Australia’s ongoing bushfires are some of the worst on record. For months, the wildfires have wreaked havoc on the environment, blocking the sky, straining civil services and affecting about 5 million Australians.
The air quality in affected areas has been deadly and damaging. Long-term effects of smoke inhalation can be debilitating. One of the most effective measures against wildfire smoke is a simple one: N95 masks.
N95 masks effectively filter smoke. The “95” refers to 95% – the amount of particles the mask is designed to filter that are larger than .3 microns across. (A micron is one-thousandth of a millimeter.)
Direct Relief are experts in getting N95 masks into the right hands. Last year, the California-based humanitarian aid organization distributed 522,000 masks following the Kincade Fire in October and November of 2019.
Direct Relief doesn’t typically work in Australia. Yet Direct Relief has already shipped 317,500 masks to Australia, with another 112,500 on the way. The masks are headed to a wide range of local agencies for distribution.
So, how do you get half a million N95 masks to the right people from the other side of the world?
Factal talked to Andrew Schroeder, Direct Relief’s Vice President of Research and Analysis, about how he’s gotten up to speed on a continent in crisis – and how he created this map of Australian bushfire incidents in a weekend.
Factal: What have been the biggest challenges in responding to the crisis in Australia?
AS: We’ve actually been responding to a lot of wildfires around the world over the last couple of years. Australia is not really any different from the kind of response that we’ve done in other places. It’s just the scale has become really dramatic.
We’re in the process of sending over half a million N95 masks to a number of different partners that are distributed around mainly the areas of New South Wales and Victoria. That includes the governments that have been mounting larger efforts to protect the population from the results of the wildfire smoke. If you’ve seen the satellite imagery, the smoke plume is just shocking.
This is the context where the Factal data, in combination with other things, is just really valuable. In this case, you have an event that’s taking place over a huge area, and an area that we don’t normally have operations.
Trying to get oriented to what’s happening and where and the progression of this event has been challenging for us to do. We have to get booted up on it really quickly.
Factal: You’ve been using Factal’s feeds in Esri’s ArcGIS platform to visualize the latest news about the fires. What’s different about that compared to the maps within Factal?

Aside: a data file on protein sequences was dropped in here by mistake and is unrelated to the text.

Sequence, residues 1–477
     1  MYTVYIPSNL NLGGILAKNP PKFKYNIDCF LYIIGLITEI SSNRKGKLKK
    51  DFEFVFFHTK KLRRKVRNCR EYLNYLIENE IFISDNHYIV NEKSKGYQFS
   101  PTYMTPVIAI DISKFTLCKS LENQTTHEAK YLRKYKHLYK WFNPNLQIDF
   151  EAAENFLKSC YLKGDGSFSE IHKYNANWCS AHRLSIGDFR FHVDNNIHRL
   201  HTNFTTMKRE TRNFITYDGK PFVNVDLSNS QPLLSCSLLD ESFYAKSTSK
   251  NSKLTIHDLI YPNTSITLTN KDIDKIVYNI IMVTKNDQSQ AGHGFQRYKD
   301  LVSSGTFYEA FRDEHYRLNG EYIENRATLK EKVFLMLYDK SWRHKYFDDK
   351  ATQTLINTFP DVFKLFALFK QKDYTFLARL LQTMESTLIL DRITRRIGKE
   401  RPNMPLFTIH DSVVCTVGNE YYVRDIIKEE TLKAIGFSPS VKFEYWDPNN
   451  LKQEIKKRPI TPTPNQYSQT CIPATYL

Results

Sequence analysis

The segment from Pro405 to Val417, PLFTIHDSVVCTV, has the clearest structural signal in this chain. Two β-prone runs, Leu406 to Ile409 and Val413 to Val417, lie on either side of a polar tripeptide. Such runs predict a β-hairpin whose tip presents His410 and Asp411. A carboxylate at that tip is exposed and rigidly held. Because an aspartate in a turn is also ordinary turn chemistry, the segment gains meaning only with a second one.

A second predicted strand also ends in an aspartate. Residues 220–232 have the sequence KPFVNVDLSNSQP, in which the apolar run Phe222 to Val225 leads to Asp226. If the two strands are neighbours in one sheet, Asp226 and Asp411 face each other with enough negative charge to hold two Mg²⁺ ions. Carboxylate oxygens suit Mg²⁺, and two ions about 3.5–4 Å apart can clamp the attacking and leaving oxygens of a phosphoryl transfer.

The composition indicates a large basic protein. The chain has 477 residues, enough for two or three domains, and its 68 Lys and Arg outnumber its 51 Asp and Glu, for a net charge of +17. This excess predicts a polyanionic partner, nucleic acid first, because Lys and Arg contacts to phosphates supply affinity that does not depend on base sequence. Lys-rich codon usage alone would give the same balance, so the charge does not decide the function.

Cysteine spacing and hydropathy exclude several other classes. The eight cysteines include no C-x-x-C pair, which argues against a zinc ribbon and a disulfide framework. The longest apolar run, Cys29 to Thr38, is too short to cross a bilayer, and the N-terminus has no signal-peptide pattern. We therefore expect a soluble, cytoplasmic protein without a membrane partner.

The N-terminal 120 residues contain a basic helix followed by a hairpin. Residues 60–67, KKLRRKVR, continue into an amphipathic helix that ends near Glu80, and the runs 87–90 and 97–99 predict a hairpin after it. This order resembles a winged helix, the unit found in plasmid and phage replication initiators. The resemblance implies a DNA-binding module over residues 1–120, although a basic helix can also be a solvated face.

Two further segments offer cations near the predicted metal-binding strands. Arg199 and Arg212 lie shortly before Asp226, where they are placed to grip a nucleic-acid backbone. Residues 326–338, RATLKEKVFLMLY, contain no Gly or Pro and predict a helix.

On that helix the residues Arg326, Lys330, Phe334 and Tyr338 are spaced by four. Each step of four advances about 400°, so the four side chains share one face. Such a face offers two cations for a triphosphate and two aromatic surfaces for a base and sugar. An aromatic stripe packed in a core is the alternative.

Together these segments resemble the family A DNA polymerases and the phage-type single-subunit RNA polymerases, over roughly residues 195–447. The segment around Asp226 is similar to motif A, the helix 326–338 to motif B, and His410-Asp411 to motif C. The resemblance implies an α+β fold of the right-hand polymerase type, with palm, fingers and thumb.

AS: The thing that’s been really helpful about [the ArcGIS integration] is you can visualize it in ways that are a little different than in the Factal application itself. And we can connect it to other information, which I think is also really helpful.
Over the weekend [of January 4th], I basically built an application that pulls that data together and makes something that’s easier for our program officers and other partners to use.
Factal: That’s incredible! How have you used Factal before now?
AS: I think the first major event that we actually used Factal for was Hurricane Dorian. It was a similar kind of thing where when a disaster happens, the need to know what’s going on just really spikes very quickly.
The Bahamas was also an interesting case of a place where there’s not normally a reason for an organization like Direct Relief to work. So we don’t necessarily have a lot of pre-existing local knowledge, we had to build a whole bunch of partnerships. We had to orient ourselves to what’s happening on the ground really fast.
We’ve made it part of the routine. Whether it’s the Kincade Fire or response to Ebola in DRC, it’s part of the information loop now, like, “Go check Factal!”Andrew Schroeder
It’s one thing for me to know it – it’s another thing for everyone in our organization to know this stuff. So I started connecting folks with access to Factal.
We’ve made it part of the routine. Whether it’s the Kincade Fire or response to Ebola in DRC, it’s part of the information loop now, like “go check Factal!” You’re going to find things that you just definitely aren’t finding in a lot of other places.
Factal: What would you be using in place of Factal if you didn’t have access to it?
AS: In terms of incident reporting, what we would do is read the news and try to correlate it as best we can with where the news is happening.
There really isn’t anything that I can think of which would compare to [Factal] being able to geolocate incidents from news reporting, and particularly from social media and from Twitter. I mean, we could use the Twitter API to kind of geolocate Twitter, but for us to actually peel through that and curate it in some way? That’s just something we don’t really have the person-power for.
There’s really nothing I’ve seen that does the same job of being able to do this very targeted, spatially specific, curated, multi-source incident reporting, and it’s just incredibly valuable, I think.
Factal: Thank you so much for the interview, Andrew – we know it’s always a busy time at Direct Relief.
AS: Thank you.
You can currently direct your donation specifically to Australian wildfires at Direct Relief’s website.
Tyler Adams is senior marketing manager at Factal, a breaking news verification platform relied on by many of the world’s largest organizations. He can’t imagine building an app in a weekend. Top photo: A shipment of N95 masks from Direct Relief at a local fire department in Moyhu, a small town in northeast Australia, via Direct Relief.